"Absolutely." He hurried over to the door, running into the tunnel with little of his usual caution. Sharron chased after him, finding a neat, squared-off corridor. Several doors led off it; pompous-looking doors, somehow, one or two still bearing brass nameplates. An important section of the complex, then - not that it mattered much to her. Quickening her pace, she caught up with Richard, who had reached the end of the passage. In front of them was a tough metal door with no sign of a handle; only a button to press to alert somebody on the other side to open up. Richard glowered at it, absently rubbing at a phantom pain in his arm.

"Any ideas?" he asked. Sharron shook her head.

"It's too heavy for us, I suppose?"

"Sure to be." He ran one hand over it. "It's a big door. Probably designed to maximise sterility, for whatever experiments used to go on on the other side."

"As opposed to the experiments that are going on now." Sharron cast a meaningful look at Richard's arm. He stopped rubbing it, looking faintly self-conscious.

"I'm doing a better job of suppressing it now," he said, and gave the door an experimental thump. "I only hope he is, too."

"Thump the door like that and they'll know we're coming," pointed out Sharron. He raised an eyebrow.

"Have you forgotten that they're watching us all the time anyway? They already know that we're here. And I'm sure that they know that we know. That they know." He shook his head. "There must be some sort of failsafe device. What if something went wrong in there? Nobody would be able to open the door then, but they'd have to have some way of getting a medical team in."

"Not if they were handling the sort of thing that you can't risk allowing to escape." Sharron could think of any number of germs and gases that would have to be kept contained following an accident. Richard nodded.

"True. But not every accident is that lethal. I still think that there has to be a way of opening the door from this side. It would be hidden, so that maybe only the command staff would know about it." He shrugged. "Well I'd build the place like that, if I was the designer."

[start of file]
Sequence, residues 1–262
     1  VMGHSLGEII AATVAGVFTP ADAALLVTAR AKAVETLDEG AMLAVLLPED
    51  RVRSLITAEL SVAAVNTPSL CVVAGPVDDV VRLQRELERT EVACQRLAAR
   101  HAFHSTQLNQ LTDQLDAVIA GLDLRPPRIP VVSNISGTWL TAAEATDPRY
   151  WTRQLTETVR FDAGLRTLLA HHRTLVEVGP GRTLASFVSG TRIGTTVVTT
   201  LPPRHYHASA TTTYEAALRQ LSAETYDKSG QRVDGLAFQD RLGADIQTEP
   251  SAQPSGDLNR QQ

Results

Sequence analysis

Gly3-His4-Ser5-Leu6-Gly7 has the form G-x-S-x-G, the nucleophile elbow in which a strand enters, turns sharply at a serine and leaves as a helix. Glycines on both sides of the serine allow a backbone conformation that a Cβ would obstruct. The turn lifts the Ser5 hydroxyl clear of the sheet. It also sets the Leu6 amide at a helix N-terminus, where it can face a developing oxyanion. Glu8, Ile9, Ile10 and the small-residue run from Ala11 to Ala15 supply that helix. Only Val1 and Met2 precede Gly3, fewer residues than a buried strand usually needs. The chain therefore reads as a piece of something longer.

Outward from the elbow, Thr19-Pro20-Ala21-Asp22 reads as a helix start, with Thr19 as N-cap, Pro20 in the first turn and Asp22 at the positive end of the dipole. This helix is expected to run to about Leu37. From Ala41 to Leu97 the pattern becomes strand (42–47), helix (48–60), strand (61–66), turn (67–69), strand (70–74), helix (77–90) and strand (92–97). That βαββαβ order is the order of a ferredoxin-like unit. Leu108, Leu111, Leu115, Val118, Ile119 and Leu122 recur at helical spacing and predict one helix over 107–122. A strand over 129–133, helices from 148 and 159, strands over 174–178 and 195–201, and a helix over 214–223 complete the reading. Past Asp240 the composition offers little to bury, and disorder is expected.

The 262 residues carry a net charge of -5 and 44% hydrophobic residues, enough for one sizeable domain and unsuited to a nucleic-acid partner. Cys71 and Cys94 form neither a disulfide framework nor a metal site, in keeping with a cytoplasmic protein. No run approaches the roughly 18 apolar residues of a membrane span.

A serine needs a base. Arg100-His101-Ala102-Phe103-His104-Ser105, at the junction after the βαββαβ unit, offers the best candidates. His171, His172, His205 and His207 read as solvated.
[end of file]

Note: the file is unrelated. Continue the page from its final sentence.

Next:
"Then where would you put it, if you were the designer?"

"Good question." He seemed taken with the idea, studying the walls immediately around the door with a thoughtful expression etched onto his face. "Somewhere that's not in anybody's eye line... Somewhere that's not too obvious, but not too difficult to get at quickly in an emergency." He knelt down on the floor, closing his eyes to let his sixth sense take over.

~Leave it, Richard,~ said a voice in his head. He glanced up. Sharron was looking surprised, and touched the door with one hand, as though to bring Craig closer to them.

~What's wrong?~ she asked him.

~It's a trap. Yeah, I know. Big surprise, right? But I mean it. You come in here and they've got us all again. Head for the surface and go for help. They won't kill me if I'm all they've got left.~

~Craig...~ Richard clearly was not impressed with the suggestion. A low laugh answered him.

~Bear with me, okay? Listen, I think they've stopped with the pin cushion thing for the time being. They're over in the corner talking. Drugov and Heissen. They know exactly where you are, and there's something that they're cooking up to surprise you with when you bust in here.~

~I wouldn't expect anything less,~ Richard told him. Sharron nodded.

~And don't forget that they know you can overhear them. They know about our hearing abilities. Maybe they want you to pass the warning on?~

~You think the trap is a trap?~ There was a pause, and they could almost see him blinking at his own confused sentence. ~You know what I mean. Sounds a bit involved, guys.~

~Well maybe it does. But at any rate, I'm not heading for the surface. If they think that they can capture us when we go in there, they're welcome to try.~ Richard, still examining the floor, had found a hidden catch. He pressed it, and a small section of flooring slid aside. There was a big, square, red button beneath, with a warning written beside it: Do not press until sure that quarantined area is clear of pathogens. He smiled. "Bingo."

~Richard, I've got a bad feeling about this. Forget it. Go for the surface. They probably won't be expecting that.~

~I have a nasty suspicion that they've got pretty much everything covered.~ Richard stared down at the button. ~I know what they've been doing to you. I felt it; some of it at least. You really think that we're going to walk out now?~

~Yeah, I do. What happened to Mr Practical, huh? They guy who was willing to leave me in Tremayne's interrogation cell, with everything that went on in there, just to try to protect the secret of what we are?~